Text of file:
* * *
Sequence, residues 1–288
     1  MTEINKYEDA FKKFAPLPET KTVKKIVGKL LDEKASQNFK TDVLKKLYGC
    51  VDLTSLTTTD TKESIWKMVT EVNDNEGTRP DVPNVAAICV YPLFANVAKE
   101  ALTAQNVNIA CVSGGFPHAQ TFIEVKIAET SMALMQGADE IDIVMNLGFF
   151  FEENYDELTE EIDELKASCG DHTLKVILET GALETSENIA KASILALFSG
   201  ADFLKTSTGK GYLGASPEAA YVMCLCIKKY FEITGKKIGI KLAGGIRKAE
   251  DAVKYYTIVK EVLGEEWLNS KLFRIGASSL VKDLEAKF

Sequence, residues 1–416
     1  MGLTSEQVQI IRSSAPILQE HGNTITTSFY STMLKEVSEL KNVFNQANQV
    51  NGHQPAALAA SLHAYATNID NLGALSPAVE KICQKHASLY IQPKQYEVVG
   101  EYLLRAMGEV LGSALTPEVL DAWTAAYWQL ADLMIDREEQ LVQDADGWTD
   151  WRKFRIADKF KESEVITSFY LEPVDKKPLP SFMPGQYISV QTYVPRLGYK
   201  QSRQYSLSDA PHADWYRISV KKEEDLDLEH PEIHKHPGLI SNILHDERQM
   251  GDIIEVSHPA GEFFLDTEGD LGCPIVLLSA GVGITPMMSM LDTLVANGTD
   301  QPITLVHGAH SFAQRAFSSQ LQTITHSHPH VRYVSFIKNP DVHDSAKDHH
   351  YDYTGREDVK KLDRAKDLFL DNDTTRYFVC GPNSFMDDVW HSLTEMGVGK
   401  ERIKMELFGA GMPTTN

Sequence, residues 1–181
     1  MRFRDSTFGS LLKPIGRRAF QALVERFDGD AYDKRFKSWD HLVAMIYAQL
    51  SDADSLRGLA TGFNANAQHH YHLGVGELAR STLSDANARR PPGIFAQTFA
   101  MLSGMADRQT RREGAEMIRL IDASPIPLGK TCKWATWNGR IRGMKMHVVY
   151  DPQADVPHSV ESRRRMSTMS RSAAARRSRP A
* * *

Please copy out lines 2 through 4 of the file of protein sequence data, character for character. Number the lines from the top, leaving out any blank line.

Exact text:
     1  MTEINKYEDA FKKFAPLPET KTVKKIVGKL LDEKASQNFK TDVLKKLYGC
    51  VDLTSLTTTD TKESIWKMVT EVNDNEGTRP DVPNVAAICV YPLFANVAKE
   101  ALTAQNVNIA CVSGGFPHAQ TFIEVKIAET SMALMQGADE IDIVMNLGFF